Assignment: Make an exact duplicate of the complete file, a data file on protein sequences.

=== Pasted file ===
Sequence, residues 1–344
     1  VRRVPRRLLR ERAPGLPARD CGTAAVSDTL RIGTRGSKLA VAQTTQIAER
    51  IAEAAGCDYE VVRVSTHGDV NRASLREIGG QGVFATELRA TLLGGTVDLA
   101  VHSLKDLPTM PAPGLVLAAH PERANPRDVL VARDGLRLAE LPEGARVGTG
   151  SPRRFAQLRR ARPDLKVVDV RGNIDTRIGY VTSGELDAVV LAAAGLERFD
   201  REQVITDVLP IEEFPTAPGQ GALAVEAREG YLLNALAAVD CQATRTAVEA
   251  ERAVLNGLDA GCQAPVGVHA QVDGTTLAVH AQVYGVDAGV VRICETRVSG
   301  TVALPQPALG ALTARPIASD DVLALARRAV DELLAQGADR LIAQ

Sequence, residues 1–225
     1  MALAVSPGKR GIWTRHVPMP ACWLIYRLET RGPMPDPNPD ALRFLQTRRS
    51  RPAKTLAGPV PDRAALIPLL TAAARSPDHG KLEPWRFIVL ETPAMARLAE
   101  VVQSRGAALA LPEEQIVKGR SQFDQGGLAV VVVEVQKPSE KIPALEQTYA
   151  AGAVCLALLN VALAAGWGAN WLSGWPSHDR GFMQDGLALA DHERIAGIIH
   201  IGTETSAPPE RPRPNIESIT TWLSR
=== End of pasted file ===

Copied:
Sequence, residues 1–344
     1  VRRVPRRLLR ERAPGLPARD CGTAAVSDTL RIGTRGSKLA VAQTTQIAER
    51  IAEAAGCDYE VVRVSTHGDV NRASLREIGG QGVFATELRA TLLGGTVDLA
   101  VHSLKDLPTM PAPGLVLAAH PERANPRDVL VARDGLRLAE LPEGARVGTG
   151  SPRRFAQLRR ARPDLKVVDV RGNIDTRIGY VTSGELDAVV LAAAGLERFD
   201  REQVITDVLP IEEFPTAPGQ GALAVEAREG YLLNALAAVD CQATRTAVEA
   251  ERAVLNGLDA GCQAPVGVHA QVDGTTLAVH AQVYGVDAGV VRICETRVSG
   301  TVALPQPALG ALTARPIASD DVLALARRAV DELLAQGADR LIAQ

Sequence, residues 1–225
     1  MALAVSPGKR GIWTRHVPMP ACWLIYRLET RGPMPDPNPD ALRFLQTRRS
    51  RPAKTLAGPV PDRAALIPLL TAAARSPDHG KLEPWRFIVL ETPAMARLAE
   101  VVQSRGAALA LPEEQIVKGR SQFDQGGLAV VVVEVQKPSE KIPALEQTYA
   151  AGAVCLALLN VALAAGWGAN WLSGWPSHDR GFMQDGLALA DHERIAGIIH
   201  IGTETSAPPE RPRPNIESIT TWLSR